One of the biggest battles in the mental health community supersedes the need to end stigma, settling on the area of recovery. Endless resources are poured into raising awareness, and while it is of great importance, access to services are even more important.
Canada has an incredibly long way to go when it comes to appropriate medical access for people with mental illnesses, eating disorders, depression, and so on. Counsellors and therapists properly trained in these areas can be hard to find and psychiatrists tend to have large waiting lists, with far too few doctors available to meet the demands.
Oftentimes, even with the right medication, the services provided are not enough to actually assist with regaining control of ones’ life in the midst of mental health struggles.
While there are plenty of non-government or medical resources out there, the vast majority of them also focus more on awareness than on actual assistance with recovery.
Perhaps part of the issue in this area is that many people still disagree on what recovery means. For some, the word itself is off-putting, suggesting there should be a way to magically make all of their struggles go away. Recovery, for most however, is about learning how to live a successful life in spite of their issues. It is learning how to regain control from the things that threaten to take away control.
Lots of websites and online resources will provide articles and tips on how to learn these things, but what they often lack is consistency and community. When dealing with any kind of mental health struggle, it is difficult to try to do it when you feel alone and that no one else understands. It can feel as if it is you against the world, leaving hope to fade further and further away.
Recovery is one of those complicated things because it looks drastically different for everyone.
It varies depending on the mental health issue and the way it affects a person to begin with. For some, recovery is simply about being able to get out of bed every day, to not self-harm, or to avoid slipping into destructive habits. For others, it becomes about learning how to reconcile their mental illness with the rest of their self in a way that allows them to move forward in their lives.
Creating a place where people feel safe enough to be raw and real about where they’re at and learn from one another on ways to pull yourself back up during recovery is important. It’s especially needed because a big part of the recovery process is being able to celebrate each win, not just with yourself, but with others who understand their value.
In my life, the online world has often provided that. Nearly two years ago, I had the opportunity to become involved in an online publication aimed solely at support in recovery. It changed a lot for me. Doors opened to connect me with people who had faced the same, or similar, things I was going through, and managed to find a way to navigate through the tumultuous waters.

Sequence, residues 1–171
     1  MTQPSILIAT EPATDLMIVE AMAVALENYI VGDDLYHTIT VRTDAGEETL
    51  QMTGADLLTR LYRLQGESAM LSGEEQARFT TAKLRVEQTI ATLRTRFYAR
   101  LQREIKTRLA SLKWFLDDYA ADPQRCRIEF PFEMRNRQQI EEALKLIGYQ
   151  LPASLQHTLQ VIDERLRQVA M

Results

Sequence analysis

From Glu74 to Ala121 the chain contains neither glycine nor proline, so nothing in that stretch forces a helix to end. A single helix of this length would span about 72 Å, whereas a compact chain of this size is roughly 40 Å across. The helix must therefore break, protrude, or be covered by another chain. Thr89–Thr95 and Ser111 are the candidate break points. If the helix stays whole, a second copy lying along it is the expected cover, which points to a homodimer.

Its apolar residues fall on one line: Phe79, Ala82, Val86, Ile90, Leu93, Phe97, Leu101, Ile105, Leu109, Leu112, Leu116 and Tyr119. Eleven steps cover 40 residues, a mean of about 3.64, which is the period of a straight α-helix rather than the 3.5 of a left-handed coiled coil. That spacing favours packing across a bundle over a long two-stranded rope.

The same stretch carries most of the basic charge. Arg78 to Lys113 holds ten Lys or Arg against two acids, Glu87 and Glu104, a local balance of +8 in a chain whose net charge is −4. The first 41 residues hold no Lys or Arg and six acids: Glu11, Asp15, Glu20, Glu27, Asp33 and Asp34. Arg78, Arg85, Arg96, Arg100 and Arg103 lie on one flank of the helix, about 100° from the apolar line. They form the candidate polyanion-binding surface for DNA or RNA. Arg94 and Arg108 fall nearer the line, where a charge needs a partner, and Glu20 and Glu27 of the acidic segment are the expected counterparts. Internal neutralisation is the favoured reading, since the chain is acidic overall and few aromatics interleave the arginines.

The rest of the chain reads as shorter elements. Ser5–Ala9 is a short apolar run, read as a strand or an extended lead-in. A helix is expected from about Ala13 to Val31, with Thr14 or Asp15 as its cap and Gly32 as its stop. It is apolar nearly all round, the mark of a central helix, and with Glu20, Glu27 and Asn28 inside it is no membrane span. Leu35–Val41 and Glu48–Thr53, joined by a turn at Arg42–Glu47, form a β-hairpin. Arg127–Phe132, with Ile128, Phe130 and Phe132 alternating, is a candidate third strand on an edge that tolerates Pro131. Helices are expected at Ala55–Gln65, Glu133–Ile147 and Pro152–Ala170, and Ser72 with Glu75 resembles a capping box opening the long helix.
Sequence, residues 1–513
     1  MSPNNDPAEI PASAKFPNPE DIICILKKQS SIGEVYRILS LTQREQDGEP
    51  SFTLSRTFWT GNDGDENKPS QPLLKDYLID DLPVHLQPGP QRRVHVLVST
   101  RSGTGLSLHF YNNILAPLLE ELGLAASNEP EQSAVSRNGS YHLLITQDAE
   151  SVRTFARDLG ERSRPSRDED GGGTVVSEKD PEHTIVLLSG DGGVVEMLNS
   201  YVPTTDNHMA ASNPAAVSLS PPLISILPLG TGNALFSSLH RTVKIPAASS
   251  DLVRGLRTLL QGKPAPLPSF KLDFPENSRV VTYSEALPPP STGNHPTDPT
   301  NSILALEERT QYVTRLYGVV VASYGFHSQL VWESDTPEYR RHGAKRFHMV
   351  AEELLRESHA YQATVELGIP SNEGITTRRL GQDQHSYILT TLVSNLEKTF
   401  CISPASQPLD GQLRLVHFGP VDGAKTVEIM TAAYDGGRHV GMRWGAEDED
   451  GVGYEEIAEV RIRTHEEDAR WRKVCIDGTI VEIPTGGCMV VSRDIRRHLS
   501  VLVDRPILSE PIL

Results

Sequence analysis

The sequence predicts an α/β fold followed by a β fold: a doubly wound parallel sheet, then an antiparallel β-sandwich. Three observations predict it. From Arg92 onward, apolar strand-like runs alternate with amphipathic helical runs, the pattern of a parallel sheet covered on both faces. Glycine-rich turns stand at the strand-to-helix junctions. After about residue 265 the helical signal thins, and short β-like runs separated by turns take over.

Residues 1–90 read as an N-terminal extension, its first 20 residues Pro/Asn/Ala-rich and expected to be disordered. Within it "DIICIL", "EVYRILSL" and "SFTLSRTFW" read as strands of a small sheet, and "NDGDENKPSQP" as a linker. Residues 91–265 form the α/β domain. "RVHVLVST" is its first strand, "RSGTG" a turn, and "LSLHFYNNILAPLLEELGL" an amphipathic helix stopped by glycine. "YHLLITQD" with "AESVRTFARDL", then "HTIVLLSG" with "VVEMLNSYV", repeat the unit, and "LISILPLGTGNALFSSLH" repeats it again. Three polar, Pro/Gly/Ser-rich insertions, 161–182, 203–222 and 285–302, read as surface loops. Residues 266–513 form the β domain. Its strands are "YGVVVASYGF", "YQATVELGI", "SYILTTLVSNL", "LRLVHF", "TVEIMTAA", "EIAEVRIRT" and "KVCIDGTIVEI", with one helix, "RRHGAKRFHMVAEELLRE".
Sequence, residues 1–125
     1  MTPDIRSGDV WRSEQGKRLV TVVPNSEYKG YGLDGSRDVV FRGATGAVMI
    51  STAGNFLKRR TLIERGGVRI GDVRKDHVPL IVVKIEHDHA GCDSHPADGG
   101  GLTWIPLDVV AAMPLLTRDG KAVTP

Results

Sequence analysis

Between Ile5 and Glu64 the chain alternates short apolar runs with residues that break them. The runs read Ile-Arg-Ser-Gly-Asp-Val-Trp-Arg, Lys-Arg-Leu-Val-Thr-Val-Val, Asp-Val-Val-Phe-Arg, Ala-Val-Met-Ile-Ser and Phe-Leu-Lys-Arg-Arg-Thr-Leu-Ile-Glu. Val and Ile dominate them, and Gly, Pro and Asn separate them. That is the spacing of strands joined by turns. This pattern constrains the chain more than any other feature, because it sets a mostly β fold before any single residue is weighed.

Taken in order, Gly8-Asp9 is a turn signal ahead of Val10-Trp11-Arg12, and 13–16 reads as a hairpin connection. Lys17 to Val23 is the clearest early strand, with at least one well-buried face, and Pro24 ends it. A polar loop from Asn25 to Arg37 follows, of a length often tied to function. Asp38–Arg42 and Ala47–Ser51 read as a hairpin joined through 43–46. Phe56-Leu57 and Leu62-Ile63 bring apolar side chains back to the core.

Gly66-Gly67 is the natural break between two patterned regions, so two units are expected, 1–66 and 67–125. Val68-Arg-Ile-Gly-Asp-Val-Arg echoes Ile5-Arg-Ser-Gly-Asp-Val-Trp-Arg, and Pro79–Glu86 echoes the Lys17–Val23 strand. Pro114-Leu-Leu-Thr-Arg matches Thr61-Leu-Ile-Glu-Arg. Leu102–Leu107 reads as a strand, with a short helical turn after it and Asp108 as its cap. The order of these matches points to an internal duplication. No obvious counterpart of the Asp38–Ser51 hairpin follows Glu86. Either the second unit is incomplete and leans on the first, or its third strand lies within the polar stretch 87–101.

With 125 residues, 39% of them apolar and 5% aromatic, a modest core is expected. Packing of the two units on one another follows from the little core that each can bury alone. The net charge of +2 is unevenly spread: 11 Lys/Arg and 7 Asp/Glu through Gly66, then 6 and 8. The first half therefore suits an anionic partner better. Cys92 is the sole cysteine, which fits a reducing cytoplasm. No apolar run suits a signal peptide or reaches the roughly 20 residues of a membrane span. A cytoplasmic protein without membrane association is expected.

Some were things I had never thought of, providing methods and tips to figure out a way to work through specific situations. Others shone new light on tactics I had tried in the past, but perhaps hadn’t been successful in because of the way I had gone about them.
Perhaps the most impactful thing is the sense of community it created, the vast understanding I am not alone in these battles I face regularly.
In turn, I started developing the ability to share the things that had worked for me in my recovery, realizing there was a chance it may help someone else.
There is something to be said for the existence of a resource like that online, but I still believe having a genuine place where people can physically meet in their own communities would be even more powerful – a place where others can understand that for some, simply making it out to such a group would be a huge victory and that could be celebrated with them.
Sharing in our battles, our recovery, our victories and our losses enables us to inspire, encourage, and grow with one another. It cultivates an atmosphere free of judgment where we can learn to be ourselves and how we fit in, regardless of what our issues are.
What would be most ideal is having organizations who are educated in these areas creating this kind of space. There, they would be able to provide access to resources and information, while ensuring it remains a safe and positive environment.
The more involved I have become in mental health, the more I have come to recognize that while access to care in a timely manner is of the utmost importance, having the kinds of resources to work towards and through recovery are what could help push people forward into living more fulfilling lives.
Recovery resources would help pull people away from facing their mental health struggles alone and provide them with a community to encourage and strengthen them.
We are fortunate to have at least one resource dedicated to cultivating that kind of community, created for our youth by Dufferin Child and Family Services. Shed the Light is a group created several years ago that has seen great success in its impact in the local high schools.
Now, we just need to work on creating these resources for adults and hopefully see greater resources in general come to the area.